MarkComm @ Smart IT
Michael Astashkevich, CTO @ Smart IT (left) and Alex Solovyev, software engineer @ Smart IT (center)
When you walk into the Smart IT office, you notice a huge check for 2 ETH. Obviously, it is only representative and cannot be cashed in. It was awarded for the best MVP developed over the course of two days at the International Blockchain Hackathon.
This prompted me to dig deeper and find out what the abbreviation DVPN (originally erroneously spelled DVPM) stood for. What followed was an interview with our CTO, Michael, the smiling gent on the left, in the photo.
- Well, as the name might suggest (laughs) it's a Virtual Private Network. Basically, it's a network of virtually connected computers where one computer can connect remotely to another computer, in order to send and receive data between a public network on its behalf.
This tunneling of data normally means data is encrypted and therefore cannot be captured by third parties. It also means private data cannot be intercepted and traded or sold off for profit by said parties. Apart from security, it also allows users to bypass geolocation restrictions imposed by an Internet Service Provider (ISP), which assigns your IP address and retrieves the information from the site you are trying to access.
- Much like an ISP, a VPN company will have several servers that will route a user’s information to the public network with added encryption. On its own, an ISP can identify the data back to its sender. The ISP will also know what VPN service you use, while the VPN service itself knows everything about your traffic. This raises the question of how much you trust your VPN provider versus how much you trust your ISP.
At the end of the day, that trust is defined by the authority behind the service. The ability of either to monitor and access your data is a question of regulation. At the state level, some ISPs are obligated by law to collect and store your data for several years. Not all countries enforce this though.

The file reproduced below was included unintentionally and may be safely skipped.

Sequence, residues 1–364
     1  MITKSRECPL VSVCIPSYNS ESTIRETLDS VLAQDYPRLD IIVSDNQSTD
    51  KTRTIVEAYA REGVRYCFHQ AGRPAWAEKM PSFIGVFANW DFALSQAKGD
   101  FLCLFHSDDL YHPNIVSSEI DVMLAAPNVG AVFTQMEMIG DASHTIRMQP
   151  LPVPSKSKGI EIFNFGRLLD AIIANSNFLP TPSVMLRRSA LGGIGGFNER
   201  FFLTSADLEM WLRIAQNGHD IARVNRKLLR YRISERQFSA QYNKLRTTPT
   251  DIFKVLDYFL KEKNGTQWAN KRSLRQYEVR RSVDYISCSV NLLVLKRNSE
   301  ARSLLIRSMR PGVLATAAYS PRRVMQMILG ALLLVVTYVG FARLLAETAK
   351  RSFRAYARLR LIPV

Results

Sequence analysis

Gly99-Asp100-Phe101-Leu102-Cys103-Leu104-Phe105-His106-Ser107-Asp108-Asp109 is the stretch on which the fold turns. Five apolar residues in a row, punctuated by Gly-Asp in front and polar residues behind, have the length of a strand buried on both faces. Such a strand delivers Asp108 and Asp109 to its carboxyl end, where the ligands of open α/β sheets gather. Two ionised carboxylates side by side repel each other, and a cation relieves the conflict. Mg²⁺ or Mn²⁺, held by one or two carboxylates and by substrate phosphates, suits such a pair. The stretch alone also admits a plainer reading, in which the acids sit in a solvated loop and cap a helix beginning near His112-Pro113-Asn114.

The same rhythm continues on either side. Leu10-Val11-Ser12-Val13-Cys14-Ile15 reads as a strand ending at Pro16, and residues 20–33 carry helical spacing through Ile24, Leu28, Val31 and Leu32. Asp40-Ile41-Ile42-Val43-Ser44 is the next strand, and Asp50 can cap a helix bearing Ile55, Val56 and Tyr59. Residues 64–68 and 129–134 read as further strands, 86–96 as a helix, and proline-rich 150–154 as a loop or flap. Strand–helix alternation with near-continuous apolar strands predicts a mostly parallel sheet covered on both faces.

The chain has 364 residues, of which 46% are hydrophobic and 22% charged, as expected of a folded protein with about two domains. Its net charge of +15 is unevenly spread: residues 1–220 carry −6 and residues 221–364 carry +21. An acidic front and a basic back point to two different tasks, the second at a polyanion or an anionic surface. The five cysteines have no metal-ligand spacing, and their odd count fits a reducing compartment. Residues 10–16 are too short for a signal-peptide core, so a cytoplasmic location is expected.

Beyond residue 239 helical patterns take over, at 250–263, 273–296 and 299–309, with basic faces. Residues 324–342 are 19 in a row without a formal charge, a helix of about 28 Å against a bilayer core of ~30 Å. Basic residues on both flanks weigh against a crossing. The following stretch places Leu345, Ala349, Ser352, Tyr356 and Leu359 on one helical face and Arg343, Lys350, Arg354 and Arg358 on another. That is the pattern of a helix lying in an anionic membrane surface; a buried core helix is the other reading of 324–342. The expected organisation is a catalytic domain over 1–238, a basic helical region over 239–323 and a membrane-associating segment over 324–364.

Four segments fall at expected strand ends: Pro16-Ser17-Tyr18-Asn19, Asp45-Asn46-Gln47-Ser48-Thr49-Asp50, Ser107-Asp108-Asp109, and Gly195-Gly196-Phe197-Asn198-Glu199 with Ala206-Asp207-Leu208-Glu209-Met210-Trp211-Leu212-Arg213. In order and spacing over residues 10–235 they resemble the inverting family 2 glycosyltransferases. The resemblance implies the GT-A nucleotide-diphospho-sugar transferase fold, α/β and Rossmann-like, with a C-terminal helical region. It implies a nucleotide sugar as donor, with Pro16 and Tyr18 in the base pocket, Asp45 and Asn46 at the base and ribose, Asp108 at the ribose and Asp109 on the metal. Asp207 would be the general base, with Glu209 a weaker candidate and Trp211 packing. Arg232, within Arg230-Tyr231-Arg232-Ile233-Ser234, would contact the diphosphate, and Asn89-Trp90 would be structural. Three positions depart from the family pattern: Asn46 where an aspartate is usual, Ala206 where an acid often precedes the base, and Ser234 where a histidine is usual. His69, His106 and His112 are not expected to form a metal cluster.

- The idea of decentralized communication is not an unexplored one. Tor has allowed users to exchange data on a peer to peer basis for a long time now. As blockchain was gaining hype, its application to online communication was slowly being tested.
I was originally working on improving the Tor distributed system. Only after the hackathon did I come across Orchid Labs, who were working on a decentralized virtual network.
- Oh, wow, have they? It’s been some time since I last followed their work, but even a year ago, their math and their incentive model made a lot of sense.
Working on Tor, I wanted to tackle some of the security issues, as well as the incentivization models, inherent to the network. At the time, I thought that Orchid proposed an elegant, yet difficult solution.
They put forward the idea of Probabilistic Micropayments using a blockchain solution. Users would pay the virtual network provider and the chain would distribute that payment as tokens to devices running a node (author’s note: a node is synonymous with a computer or server that offers up its processing power).
- Less a drawback and more a natural result of decentralisation the product would not be controlled by anyone in particular. The provider would only control the software repository.
As for privacy, even blockchain-based transactions are not untraceable. This leaves the data surveillance question open, even with what may sound like a more secure solution. The more devices in the routing chain though, the harder it is to pinpoint the information back to the sender.
Service providers also need to address the threats of Sybil attacks - colluding nodes or virtual manipulation the network’s reputation system, which increases chances to decrypt user traffic by raising chances of owning both the first and last node in the chain.
In addition to that, because tokens are exchanged in an open market, their price is determined by supply and demand. Like it or not, open markets can be manipulated, making economic security relative.
- By creating a digital virtual private network product and running an ICO for the tokens to be used by the network, the service provider builds liquidity. The tokens can be sold directly to investors or the public, and the resulting funds can go towards company expenses.
The provider would profit from increasing demand and therefore price for its token, while owning a lot of it initially. After all, it's up to them how many of all the tokens to offer up for sale. As the value of the token increases, so will the hypothetical amount they can receive by, for instance, converting the tokens to ETH.
- After the product goes to market and the team is left with controlling the repository, you still have the actual team. These are people with vast know-how and experience, who’ve managed to secure a certain share of the market. All this can be leveraged elsewhere and the business can transform and adopt new models of operation through penetrating into or taking over new markets.
Of course, any provider will need to address security, scalability and incentives first.
(The culprit of this post)
The concept of a DVPN was relatively new in 2018. So much so, that some would even misspell the abbreviation. Luckily there’s nothing a few smart engineers could not fix.